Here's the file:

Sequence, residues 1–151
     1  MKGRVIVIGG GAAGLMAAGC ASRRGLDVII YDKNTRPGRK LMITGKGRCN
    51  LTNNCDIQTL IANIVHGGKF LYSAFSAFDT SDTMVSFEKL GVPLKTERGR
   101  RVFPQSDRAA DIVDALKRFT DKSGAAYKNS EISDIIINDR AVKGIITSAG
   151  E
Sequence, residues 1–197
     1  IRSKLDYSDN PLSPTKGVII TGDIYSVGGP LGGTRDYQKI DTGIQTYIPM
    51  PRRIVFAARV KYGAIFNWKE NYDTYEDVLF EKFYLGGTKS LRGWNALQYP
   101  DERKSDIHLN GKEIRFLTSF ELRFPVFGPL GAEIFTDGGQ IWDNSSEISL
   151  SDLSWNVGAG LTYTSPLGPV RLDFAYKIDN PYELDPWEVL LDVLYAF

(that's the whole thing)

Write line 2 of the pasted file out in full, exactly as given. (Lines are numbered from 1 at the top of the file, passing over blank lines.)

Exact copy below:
     1  MKGRVIVIGG GAAGLMAAGC ASRRGLDVII YDKNTRPGRK LMITGKGRCN